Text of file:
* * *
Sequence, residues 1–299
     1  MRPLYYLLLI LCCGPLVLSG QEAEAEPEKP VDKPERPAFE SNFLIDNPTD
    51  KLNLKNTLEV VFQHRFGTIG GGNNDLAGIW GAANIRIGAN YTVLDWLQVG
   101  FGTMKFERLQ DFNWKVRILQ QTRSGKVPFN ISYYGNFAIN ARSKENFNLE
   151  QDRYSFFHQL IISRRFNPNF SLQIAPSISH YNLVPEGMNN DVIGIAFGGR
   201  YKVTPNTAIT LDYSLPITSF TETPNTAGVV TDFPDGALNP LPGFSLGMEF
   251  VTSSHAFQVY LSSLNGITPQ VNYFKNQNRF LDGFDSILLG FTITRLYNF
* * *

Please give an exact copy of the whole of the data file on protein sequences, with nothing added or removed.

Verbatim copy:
Sequence, residues 1–299
     1  MRPLYYLLLI LCCGPLVLSG QEAEAEPEKP VDKPERPAFE SNFLIDNPTD
    51  KLNLKNTLEV VFQHRFGTIG GGNNDLAGIW GAANIRIGAN YTVLDWLQVG
   101  FGTMKFERLQ DFNWKVRILQ QTRSGKVPFN ISYYGNFAIN ARSKENFNLE
   151  QDRYSFFHQL IISRRFNPNF SLQIAPSISH YNLVPEGMNN DVIGIAFGGR
   201  YKVTPNTAIT LDYSLPITSF TETPNTAGVV TDFPDGALNP LPGFSLGMEF
   251  VTSSHAFQVY LSSLNGITPQ VNYFKNQNRF LDGFDSILLG FTITRLYNF